Dear Parents: You Aren’t Perfect & That’s Just Fine
By Lisa W. Coyne, PhD
May 6, 2020
Dear parents, you probably won’t have time to read this, thanks to COVID-19.
Maybe that’s because you just got home from an essential job like delivering groceries after a long, underpaid shift. Or maybe you are working from home while also trying to homeschool your three young children. Or you could be caring for an elderly, vulnerable parent. It might be that you have a child who is stubborn, or hyperactive, or anxious, and who has sapped your very last bit of energy or resolve. Or perhaps you are a frontline health care worker, desperate to sleep, trying to get the images of what you have seen out of your mind, out of your dreams.
You’ve probably seen a ton of online posts with “to-do lists” for parents: how-to lists for how to parent during a pandemic. They are popping up like mushrooms! You are supposed to manage your children, provide structure, give them an enriching education, limit screen time, entertain them when they are bored, and ensure that your teens don’t sneak out to parties with their potentially infected buddies … and also work, manage the house, and stay sane at the same time.
Many of these are excellent ideas, and yet … I am struggling with them. I bet you are struggling with them too. My guess is that you are also overwhelmed, and thinking things like “I can’t do it, it’s impossible,” or “I’m just not enough,” and that your mind has concluded that “you are not a good parent. Good parents could do this. I am a hot mess, and my children will be ruined.”
Parents, I call bulls&!t. And it is 100% OK for you to call bulls&!t, too.
First things first. Pause for a second. Take a long, deep, slow breath. And another. Let yourself look away from the screen, let your eyes rest on something pleasant—the sky outside your window, a photo on your bedside table, the houseplant in the corner, your cat purring softly next to you. There. Keep breathing.
You, parents, are not superhuman. You cannot do all the things, nor should you. It is ok to let go of being the perfect parent, of giving 110% all the time, of pushing yourself beyond your physical and mental capabilities. It is OK to give yourself a break; to be gentle with yourself. You do not have to beat yourself up—the world is doing enough of that for us.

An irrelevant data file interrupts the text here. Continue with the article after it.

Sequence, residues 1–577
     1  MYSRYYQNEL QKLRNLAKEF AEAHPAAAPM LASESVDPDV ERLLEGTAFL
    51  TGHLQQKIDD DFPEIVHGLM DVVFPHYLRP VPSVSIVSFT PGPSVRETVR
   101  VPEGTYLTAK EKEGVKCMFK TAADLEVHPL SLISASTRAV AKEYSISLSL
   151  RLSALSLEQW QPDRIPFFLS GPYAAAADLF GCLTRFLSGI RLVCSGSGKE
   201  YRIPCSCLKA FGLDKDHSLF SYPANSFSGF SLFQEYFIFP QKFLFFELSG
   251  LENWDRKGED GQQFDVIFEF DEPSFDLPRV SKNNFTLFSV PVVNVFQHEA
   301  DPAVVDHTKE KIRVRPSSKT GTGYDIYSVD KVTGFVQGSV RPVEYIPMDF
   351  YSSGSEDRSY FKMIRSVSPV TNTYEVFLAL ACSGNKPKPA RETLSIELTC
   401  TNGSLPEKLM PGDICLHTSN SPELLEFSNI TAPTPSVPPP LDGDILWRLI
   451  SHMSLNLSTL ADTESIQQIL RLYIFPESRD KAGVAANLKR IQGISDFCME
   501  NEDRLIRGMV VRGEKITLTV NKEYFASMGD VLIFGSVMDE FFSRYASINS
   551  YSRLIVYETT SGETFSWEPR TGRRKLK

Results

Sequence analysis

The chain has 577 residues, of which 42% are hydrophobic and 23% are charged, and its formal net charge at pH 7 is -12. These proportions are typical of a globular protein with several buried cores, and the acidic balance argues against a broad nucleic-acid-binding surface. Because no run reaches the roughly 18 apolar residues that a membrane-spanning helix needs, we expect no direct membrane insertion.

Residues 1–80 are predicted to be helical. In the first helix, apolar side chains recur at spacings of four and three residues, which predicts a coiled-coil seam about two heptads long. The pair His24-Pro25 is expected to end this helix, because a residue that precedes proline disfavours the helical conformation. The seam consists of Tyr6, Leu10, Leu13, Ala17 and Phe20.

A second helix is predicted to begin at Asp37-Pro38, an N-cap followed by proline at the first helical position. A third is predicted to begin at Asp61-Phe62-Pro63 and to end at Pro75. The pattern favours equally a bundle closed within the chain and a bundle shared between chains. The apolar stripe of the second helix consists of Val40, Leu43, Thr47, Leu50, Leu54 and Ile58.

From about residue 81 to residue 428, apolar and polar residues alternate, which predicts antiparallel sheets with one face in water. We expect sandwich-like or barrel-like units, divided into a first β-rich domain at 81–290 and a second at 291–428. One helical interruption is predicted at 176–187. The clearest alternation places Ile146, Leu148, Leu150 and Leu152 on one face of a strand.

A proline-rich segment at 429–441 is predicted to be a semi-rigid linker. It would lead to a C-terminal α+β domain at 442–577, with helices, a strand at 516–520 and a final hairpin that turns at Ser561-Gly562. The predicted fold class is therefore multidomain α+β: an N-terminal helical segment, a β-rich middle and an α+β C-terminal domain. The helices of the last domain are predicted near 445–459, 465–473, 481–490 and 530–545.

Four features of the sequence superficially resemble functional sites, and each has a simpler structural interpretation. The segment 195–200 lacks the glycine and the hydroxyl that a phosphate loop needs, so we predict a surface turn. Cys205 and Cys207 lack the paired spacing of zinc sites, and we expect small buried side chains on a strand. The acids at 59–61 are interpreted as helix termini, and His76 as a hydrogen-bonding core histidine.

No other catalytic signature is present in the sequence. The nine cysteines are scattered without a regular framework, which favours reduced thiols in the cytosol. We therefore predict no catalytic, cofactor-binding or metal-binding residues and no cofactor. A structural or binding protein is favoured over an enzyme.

It’s OK to forgive yourself for that moment when you lost your temper; for when you said, “Not now, honey, Mommy’s tired”; for letting your kids have Oreos for breakfast; for leaving the piles of toys where they lay. You are not alone. This is happening in households all over the world. Just because the world has shifted on its axis around you, it is not on you to set it right.
Parents, whatever your situation, it’s OK to meet yourself where you are.
First, take care of yourself. There’s no parenting without you. Have you slept? Eaten? Talked to another adult? Take a few moments to do one kind thing for yourself, even if it’s being still for a few minutes, closing your eyes, and noticing the sun on your face as you sip your coffee. What might it be like if you could, even for a few moments, give yourself some solace?
COVID-19 has upended the world for all of us. Things feel enormous, overwhelming. So maybe now’s the time to think about those things that are most essential, and to think small. Sometimes the magic lies in the tiny, quiet moments that make up the fabric of our days.
Give some thought to the most important things: Have you done something today to help your children feel loved? Think about the smallest actions you could take toward this goal: gently cover your sleeping child with a blanket; leave the cereal out on the counter where they might reach it; pause a moment to smile at them, ruffle their hair, let the warmth of your hand rest on their shoulder, give a gentle squeeze that says, “I am here. You are precious to me.”
And remember to pause, breathe, and let yourself notice giving a tiny, exquisite gift in this moment. Imagine that these small acts, strung together, will become a strand of memories from these pandemic days. Being present for your children in tiny, messy, imperfect moments will nurture and sustain them, as the world pauses and takes a deep breath.
Lisa W. Coyne, PhD, is an assistant professor of psychology in the Department of Psychiatry, part-time, at Harvard Medical School, and is a senior clinical consultant at theChild and Adolescent OCD Institute(OCDI Jr.) at McLean Hospital. Dr. Coyne has published numerous peer-reviewed articles and chapters on anxiety, OCD, and parenting. She is the author of “The Joy of Parenting: An Acceptance and Commitment Therapy Guide to Effective Parenting in the Early Years,” a book for parents of young children.